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Is the Trump trade back on?

For the early months of the Trump Presidency, markets screened out the President’s colourful remarks and concentrated on the promised economic, taxation and infrastructure policies.

However, this enthusiasm soon waned as it became apparent Trump’s rhetoric was easier to say that do.

But Rathbones Investment Management chief investment officer Julian Chillingworth says he now sees a greater willingness from both US political parties to get something done.

“It is probably a 50:50 call,” he says. “One issue is with the right wing of the Republican party, a lot of whom have been elected around making sure that the budget doesn’t escalate, and a number of whom come up for election next year. But the mid-terms may also mean they need to demonstrate to the electorate they have achieved something with Donald Trump as a Republican President.”

Big money

Chillingworth says the key elements are a lowering of corporation tax to 20%, a cut in income tax especially for mid ranking earners and a simplification of personal tax.

He adds: “The bit the market is getting very excited about now is the repatriation tax cut to 10% for cash held overseas.”

On a back of the envelope calculation, he says, this cash amounts to $550bn (£419bn) among the big tech players. Apple has $230bn, Microsoft $120bn, Google $60bn and Oracle $50bn.

He adds: “It’s big money. But what would they do with that money? They will distribute some of that back to shareholders but it is likely that in the package there will be a limitation. There will be a push to get them to invest it in new plant and equipment and probably research. The likes of Apple will be keen to be seen putting money into research and possibly buying businesses that will help their research initiatives.”

Matthew Hoggarth, head of research at Thesis Asset Management, says the personal tax simplifications are a sensible idea, but there are many offsetting parts that are likely to make some people better off while others are worse off.

“It is not clear that there will be a net benefit to the aggregate level of consumer demand in the economy,” says Hoggarth. “On the corporate side there is a direct benefit to investors if profits are raised as a result of lower tax liabilities, plus the potential for a long-term growth boost if corporate investment levels rise. The key issue is whether or not this investment is likely.”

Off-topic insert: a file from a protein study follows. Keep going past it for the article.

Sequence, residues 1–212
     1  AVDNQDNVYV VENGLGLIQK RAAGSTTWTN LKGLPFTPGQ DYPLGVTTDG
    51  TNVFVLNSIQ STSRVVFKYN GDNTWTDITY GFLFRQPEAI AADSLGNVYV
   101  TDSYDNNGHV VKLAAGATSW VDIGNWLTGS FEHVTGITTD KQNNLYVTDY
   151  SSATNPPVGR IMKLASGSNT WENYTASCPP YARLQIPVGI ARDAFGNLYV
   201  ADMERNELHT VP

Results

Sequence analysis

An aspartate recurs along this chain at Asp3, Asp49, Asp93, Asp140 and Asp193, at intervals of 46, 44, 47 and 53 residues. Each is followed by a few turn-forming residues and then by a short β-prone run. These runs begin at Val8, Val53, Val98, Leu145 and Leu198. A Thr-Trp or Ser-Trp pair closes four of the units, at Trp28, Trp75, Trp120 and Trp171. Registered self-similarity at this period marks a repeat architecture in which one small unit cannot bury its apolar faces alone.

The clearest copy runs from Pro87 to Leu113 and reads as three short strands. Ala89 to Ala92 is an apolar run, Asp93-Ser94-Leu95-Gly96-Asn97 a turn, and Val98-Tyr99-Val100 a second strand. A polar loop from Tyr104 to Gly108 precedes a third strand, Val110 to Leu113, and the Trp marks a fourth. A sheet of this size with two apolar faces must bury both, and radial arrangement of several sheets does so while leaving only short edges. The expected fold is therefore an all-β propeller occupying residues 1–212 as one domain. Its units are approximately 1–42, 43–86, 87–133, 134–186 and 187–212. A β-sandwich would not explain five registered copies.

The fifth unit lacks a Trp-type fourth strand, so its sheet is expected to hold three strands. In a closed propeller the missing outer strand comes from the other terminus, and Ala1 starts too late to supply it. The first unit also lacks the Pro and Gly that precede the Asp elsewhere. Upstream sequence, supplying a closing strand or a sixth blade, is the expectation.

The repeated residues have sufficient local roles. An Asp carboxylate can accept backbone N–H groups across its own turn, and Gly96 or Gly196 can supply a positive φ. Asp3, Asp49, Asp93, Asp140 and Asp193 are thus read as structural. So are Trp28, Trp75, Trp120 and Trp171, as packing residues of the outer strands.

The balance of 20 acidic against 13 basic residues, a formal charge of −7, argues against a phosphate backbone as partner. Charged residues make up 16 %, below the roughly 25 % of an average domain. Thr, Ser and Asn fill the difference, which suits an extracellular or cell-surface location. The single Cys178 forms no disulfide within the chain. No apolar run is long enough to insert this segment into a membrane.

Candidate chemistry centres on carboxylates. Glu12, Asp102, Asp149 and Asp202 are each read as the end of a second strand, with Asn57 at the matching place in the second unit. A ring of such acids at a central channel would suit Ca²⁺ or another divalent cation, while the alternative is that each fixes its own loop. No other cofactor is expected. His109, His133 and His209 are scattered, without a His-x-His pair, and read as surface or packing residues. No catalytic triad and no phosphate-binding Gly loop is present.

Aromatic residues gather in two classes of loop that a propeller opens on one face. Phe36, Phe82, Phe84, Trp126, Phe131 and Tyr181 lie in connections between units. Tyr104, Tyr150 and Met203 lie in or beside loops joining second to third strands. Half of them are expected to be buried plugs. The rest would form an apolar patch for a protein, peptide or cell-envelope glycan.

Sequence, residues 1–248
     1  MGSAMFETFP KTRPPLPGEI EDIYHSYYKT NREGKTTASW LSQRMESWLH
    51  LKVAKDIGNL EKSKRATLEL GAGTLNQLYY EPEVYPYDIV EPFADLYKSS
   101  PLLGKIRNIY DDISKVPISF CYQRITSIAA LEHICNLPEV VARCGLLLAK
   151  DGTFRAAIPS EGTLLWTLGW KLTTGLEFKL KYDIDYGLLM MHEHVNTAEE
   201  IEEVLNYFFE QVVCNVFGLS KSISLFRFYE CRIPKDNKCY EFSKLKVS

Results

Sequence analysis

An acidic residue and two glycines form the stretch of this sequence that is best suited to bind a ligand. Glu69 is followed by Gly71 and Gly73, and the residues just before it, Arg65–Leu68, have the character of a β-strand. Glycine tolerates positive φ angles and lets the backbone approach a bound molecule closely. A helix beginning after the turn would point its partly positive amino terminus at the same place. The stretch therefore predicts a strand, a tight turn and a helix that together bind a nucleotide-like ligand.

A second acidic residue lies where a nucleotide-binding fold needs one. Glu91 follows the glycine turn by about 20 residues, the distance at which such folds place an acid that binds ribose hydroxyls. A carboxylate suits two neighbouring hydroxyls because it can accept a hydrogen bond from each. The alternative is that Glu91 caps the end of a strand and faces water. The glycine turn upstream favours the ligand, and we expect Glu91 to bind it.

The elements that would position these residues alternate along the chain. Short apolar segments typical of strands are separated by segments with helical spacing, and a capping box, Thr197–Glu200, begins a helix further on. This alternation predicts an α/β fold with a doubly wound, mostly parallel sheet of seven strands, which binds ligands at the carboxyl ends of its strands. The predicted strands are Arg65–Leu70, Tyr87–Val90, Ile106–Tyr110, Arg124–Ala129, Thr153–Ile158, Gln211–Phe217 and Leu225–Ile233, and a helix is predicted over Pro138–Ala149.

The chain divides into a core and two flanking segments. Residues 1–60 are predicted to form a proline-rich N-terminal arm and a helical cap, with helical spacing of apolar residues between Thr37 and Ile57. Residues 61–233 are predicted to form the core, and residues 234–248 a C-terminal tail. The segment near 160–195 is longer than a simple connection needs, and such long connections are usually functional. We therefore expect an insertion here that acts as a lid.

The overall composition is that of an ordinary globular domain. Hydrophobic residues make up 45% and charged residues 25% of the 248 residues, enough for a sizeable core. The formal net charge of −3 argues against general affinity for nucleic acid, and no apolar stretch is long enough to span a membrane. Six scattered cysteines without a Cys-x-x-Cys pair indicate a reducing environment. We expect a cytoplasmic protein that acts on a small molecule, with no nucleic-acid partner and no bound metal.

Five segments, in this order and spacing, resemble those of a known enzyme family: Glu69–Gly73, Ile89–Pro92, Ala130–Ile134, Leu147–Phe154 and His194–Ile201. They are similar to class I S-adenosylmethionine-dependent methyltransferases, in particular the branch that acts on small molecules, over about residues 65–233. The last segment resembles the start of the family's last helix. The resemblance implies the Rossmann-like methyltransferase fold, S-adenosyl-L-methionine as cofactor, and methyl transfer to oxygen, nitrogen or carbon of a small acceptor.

Hoggarth believes there is probably enough flexibility in the plans for some kind of agreement to be reached, while the income levels covered by the three new income tax rates are still to be determined and there is scope for a higher top rate if required to ensure the measures are progressive.

“Still, this is not 1986 when the Congress passed President Reagan’s tax cuts,” he adds. “There is much less low-hanging fruit in terms of abolishing reliefs that everyone can agree on, so funding the cuts will not be easy.”

According to Hoggarth, the reform of taxation on overseas profits could be an easier area to find consensus, but this is not guaranteed. He adds the precise level of the minimum foreign tax rate and the question of whether tax would need to be paid on overseas balances that are not repatriated could be significant sticking points if a bipartisan agreement is to be reached.

Will he, won’t he?

Some managers remain deeply sceptical.

Simon Clements co-manager in the sustainable investment team at Liontrust, says: “To date the Trump administration has been wholly ineffective in implementing any of the policy initiatives which had been promised in the lead up to their election victory. Instigating change in Washington requires skilful negotiations, compromise and the ability to forge alliances, none of which appears a particular strength of the current administration.

Clements notes the two key policy changes associated with the ‘Trump trade’ relate to infrastructure spending and tax reform. Infrastructure spending does make sense, he says, but requires an increase in public sector spending, which is unlikely to get voted through a Republican majority.